Last Friday, my post 4 Things Jesus Absolutely Didn’t Die For became, in one day, the all-time most viewed article on this site. I’m not really surprised that this happened. It resonated on Reddit, totaling 240 comments and thousands of views. Many of these comments were focused on a discussion of what Jesus did die for. Instead of trying to broach this topic in a comment on Reddit, I’ll do so here.
What did Jesus die for? What was the purpose of going to the cross, dying, and resurrecting? Was it to reveal to us the nature of God? Was it to take on God’s wrath? What the cross of Christ represents in your theology will determine what you ultimately believe about Christianity. The treatment of the purpose of Jesus’ death in this article is only going to brush the surface on what could be written. Even so, it won’t be a simple 500 word article. Work through this slowly.
What Is God Like?
Before we even get to the cross, it’s vital we understand God’s nature according to His word. When we examine and develop a doctrine of God (understanding of, teaching of) we see that there’s a tension inside of God in His very nature.
There are countless references to God’s holiness. He is completely set apart from all of Creation in morality and existence. We see verses like Psalm 22:3, “Yet You are holy, O You who are enthroned upon the praises of Israel” and Revelation 4:8, “And the four living creatures, each one of them having six wings, are full of eyes around and within; and day and night they do not cease to say, ‘HOLY, HOLY, HOLY is THE LORD GOD, THE ALMIGHTY, WHO WAS AND WHO IS AND WHO IS TO COME.'”
No other attribute of God is emphasized as much as His holiness is. The three-fold repetition displays the great emphasis on this aspect of His nature. God is holy, holy, holy. He is completely other. He is perfect. He is transcendent. He is eternal. He is just. He is love.
God is not only holy, but He is love. 1 John 4:16 declares, “So we have come to know and to believe the love that God has for us. God is love, and whoever abides in love abides in God, and God abides in him” (emphasis mine). Did you notice that declaration? God is love. He is the very embodiment of love. Exodus 34:6 says, “The Lord passed before him and proclaimed, ‘The Lord, the Lord, a God merciful and gracious, slow to anger, and abounding in steadfast love and faithfulness…'”
What does this mean, then?
God’s holy nature causes Him to have to punish sin. Ezekiel 18:4 says, “Behold, all souls are mine; the soul of the father as well as the soul of the son is mine: the soul who sins shall die.” The soul who sins shall die. Romans 6:23 says, “For the wages of sin is death, but the free gift of God is eternal life in Christ Jesus our Lord.” Do you notice the two aspects of God’s nature in that verse? Holiness declares that the wages of sin is death. Love declares the free gift of God is eternal life in Jesus.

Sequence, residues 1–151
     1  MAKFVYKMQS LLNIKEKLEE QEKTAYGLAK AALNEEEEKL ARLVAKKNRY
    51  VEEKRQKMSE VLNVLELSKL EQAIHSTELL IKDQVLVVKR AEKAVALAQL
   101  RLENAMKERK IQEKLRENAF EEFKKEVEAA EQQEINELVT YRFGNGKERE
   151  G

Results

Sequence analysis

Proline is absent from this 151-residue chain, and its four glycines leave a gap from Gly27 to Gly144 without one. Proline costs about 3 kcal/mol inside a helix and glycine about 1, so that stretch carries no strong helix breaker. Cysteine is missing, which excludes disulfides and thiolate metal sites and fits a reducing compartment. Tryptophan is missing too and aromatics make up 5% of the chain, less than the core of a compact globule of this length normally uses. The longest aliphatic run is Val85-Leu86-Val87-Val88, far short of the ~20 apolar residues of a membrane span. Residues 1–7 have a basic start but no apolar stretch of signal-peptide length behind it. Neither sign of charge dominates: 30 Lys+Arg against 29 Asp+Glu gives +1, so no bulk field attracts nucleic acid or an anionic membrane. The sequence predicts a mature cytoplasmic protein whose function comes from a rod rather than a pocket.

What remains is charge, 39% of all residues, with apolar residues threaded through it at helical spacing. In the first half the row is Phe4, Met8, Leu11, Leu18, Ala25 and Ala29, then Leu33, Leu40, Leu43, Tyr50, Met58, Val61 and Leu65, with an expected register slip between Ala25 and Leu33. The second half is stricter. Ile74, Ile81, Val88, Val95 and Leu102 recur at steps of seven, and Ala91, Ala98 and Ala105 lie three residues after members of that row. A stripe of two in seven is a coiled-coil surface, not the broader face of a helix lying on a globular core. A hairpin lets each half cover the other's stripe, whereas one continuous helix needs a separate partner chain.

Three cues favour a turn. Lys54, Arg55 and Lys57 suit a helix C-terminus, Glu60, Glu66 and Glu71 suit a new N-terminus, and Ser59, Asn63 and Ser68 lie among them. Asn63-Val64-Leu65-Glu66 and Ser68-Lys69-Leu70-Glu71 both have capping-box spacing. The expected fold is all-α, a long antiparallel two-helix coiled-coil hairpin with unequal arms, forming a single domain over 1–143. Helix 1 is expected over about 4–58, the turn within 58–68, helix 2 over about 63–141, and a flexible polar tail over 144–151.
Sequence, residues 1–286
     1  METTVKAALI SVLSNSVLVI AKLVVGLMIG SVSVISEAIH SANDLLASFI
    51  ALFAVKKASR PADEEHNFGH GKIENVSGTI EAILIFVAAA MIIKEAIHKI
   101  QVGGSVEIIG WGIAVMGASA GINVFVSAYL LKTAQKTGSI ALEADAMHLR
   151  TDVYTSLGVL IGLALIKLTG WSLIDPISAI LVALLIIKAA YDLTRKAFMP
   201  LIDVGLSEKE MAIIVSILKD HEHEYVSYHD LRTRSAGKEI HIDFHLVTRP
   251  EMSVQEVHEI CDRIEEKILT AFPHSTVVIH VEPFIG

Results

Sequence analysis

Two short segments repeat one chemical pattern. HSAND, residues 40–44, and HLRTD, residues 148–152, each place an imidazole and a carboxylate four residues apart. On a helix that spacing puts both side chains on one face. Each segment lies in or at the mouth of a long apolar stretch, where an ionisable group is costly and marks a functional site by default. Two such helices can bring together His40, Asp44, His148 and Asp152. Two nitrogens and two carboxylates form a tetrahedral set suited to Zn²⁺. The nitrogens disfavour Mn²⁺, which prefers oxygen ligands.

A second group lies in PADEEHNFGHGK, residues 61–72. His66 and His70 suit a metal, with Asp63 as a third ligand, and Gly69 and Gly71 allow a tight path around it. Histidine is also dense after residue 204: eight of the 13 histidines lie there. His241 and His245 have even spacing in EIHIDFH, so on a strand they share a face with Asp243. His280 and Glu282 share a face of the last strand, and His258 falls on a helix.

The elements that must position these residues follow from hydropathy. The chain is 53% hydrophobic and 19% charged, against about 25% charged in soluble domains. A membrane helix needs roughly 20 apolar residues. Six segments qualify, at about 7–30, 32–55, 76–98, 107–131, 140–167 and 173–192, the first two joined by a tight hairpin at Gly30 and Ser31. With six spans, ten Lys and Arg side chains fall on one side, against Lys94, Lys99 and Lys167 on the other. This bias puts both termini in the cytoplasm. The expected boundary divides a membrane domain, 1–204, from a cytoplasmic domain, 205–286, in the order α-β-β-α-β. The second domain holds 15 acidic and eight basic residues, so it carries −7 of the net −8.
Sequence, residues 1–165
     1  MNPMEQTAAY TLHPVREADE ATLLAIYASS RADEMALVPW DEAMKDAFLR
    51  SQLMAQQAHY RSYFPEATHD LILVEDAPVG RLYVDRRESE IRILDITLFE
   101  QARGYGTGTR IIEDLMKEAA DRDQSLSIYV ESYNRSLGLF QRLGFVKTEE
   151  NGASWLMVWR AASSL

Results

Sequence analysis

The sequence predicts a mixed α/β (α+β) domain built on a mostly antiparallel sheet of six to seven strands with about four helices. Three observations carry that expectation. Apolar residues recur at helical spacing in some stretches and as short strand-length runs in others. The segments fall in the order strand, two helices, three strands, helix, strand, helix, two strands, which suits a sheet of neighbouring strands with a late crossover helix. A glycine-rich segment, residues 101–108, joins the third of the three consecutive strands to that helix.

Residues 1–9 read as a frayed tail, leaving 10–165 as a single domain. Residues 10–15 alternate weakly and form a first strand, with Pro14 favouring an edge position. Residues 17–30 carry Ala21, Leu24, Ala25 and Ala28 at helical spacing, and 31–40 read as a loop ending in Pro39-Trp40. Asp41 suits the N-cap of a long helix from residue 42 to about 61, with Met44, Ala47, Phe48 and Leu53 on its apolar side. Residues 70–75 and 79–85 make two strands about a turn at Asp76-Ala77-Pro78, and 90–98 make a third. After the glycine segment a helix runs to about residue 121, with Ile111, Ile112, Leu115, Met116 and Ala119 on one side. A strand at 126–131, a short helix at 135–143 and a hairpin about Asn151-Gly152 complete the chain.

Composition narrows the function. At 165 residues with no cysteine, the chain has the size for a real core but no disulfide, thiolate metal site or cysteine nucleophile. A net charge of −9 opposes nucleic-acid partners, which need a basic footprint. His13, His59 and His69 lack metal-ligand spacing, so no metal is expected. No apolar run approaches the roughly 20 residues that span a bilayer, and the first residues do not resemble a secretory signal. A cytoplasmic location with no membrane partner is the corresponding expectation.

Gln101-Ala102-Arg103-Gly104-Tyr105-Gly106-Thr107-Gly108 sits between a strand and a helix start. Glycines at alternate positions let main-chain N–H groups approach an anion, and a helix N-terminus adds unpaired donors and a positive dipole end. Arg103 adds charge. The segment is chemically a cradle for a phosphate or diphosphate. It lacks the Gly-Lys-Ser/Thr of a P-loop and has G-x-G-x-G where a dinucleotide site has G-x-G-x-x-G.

Does God just compromise His own nature, then?
The tension within God declares that sin must be punished, for He is holy and He expects us to honor Him with our lives, for He is the Creator of all things, but it also declares, because of His love, that He should offer forgiveness.
He is not just Redeemer, but also Ruler. He is the King on the throne. He is the standard in which morality is set to. Sin is disobedience to the Creator of all things. God takes disobedience much more seriously than we do. At the same time, He takes forgiveness much more seriously than we do.
We see, then, that God does not set out to compromise His own nature, for He is not able to do so. He is righteous, “Clouds and thick darkness surround Him; Righteousness and justice are the foundation of His throne” (Psalm 97:2).
God requires that sin be punished and sinners to be offered forgiveness. One doesn’t come without the other.
But what about wrath?
A lot of people are uncomfortable with the idea that God is able to be love and exhibit wrath towards sin. For example, Isaiah 30:27-30 says:
Behold, the name of the LORD comes from a remote place;
Burning is His anger and dense is His smoke;
His lips are filled with indignation
And His tongue is like a consuming fire;
28His breath is like an overflowing torrent,
Which reaches to the neck,
To shake the nations back and forth in a sieve,
And to put in the jaws of the peoples the bridle which leads to ruin.
29You will have songs as in the night when you keep the festival,
And gladness of heart as when one marches to the sound of the flute,
To go to the mountain of the LORD, to the Rock of Israel.
30And the LORD will cause His voice of authority to be heard,
And the descending of His arm to be seen in fierce anger,
And in the flame of a consuming fire
In cloudburst, downpour and hailstones.
Leon Morris says this in regards to God’s wrath:
Because God is the moral God he is, he is angry when people sin, people whom he created for a higher destiny than that. Again and again it is emphasized that God is personally at work in the execution of his anger, just as he is in the showing of his mercy. Dodd distinguished between wrath and mercy, regarding wrath as an impersonal process and mercy as God’s personal action, as we have seen. But the prophets make no such distinction. Micah prays, ‘You do not stay angry for ever but delight to show mercy’ (Mi. 7:18). Similarly the Psalmist can speak of forgiveness and wrath in the same breath: ‘You forgave the iniquity of your people and covered all their sins. You set aside all your wrath and turned from your fierce anger’ (Ps. 85:2-3). I do not see how it can seriously be contended that in such passages mercy is to be regarded as personal and wrath as impersonal. The same kind of language is used of both. 1